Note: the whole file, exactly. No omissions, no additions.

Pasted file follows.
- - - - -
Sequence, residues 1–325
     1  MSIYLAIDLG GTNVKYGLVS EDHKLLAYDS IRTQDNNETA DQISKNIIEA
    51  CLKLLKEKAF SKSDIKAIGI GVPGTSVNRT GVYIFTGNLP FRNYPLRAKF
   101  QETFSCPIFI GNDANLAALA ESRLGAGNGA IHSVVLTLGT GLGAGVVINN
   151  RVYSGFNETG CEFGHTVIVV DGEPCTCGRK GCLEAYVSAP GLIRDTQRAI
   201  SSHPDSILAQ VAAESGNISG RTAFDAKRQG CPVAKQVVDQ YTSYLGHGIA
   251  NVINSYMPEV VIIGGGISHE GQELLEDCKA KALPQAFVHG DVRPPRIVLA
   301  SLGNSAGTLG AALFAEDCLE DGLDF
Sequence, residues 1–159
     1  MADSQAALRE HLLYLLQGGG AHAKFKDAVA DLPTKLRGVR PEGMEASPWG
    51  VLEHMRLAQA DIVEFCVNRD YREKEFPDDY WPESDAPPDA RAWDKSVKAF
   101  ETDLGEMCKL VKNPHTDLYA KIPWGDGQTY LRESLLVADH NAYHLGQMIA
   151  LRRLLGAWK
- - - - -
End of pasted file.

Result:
Sequence, residues 1–325
     1  MSIYLAIDLG GTNVKYGLVS EDHKLLAYDS IRTQDNNETA DQISKNIIEA
    51  CLKLLKEKAF SKSDIKAIGI GVPGTSVNRT GVYIFTGNLP FRNYPLRAKF
   101  QETFSCPIFI GNDANLAALA ESRLGAGNGA IHSVVLTLGT GLGAGVVINN
   151  RVYSGFNETG CEFGHTVIVV DGEPCTCGRK GCLEAYVSAP GLIRDTQRAI
   201  SSHPDSILAQ VAAESGNISG RTAFDAKRQG CPVAKQVVDQ YTSYLGHGIA
   251  NVINSYMPEV VIIGGGISHE GQELLEDCKA KALPQAFVHG DVRPPRIVLA
   301  SLGNSAGTLG AALFAEDCLE DGLDF
Sequence, residues 1–159
     1  MADSQAALRE HLLYLLQGGG AHAKFKDAVA DLPTKLRGVR PEGMEASPWG
    51  VLEHMRLAQA DIVEFCVNRD YREKEFPDDY WPESDAPPDA RAWDKSVKAF
   101  ETDLGEMCKL VKNPHTDLYA KIPWGDGQTY LRESLLVADH NAYHLGQMIA
   151  LRRLLGAWK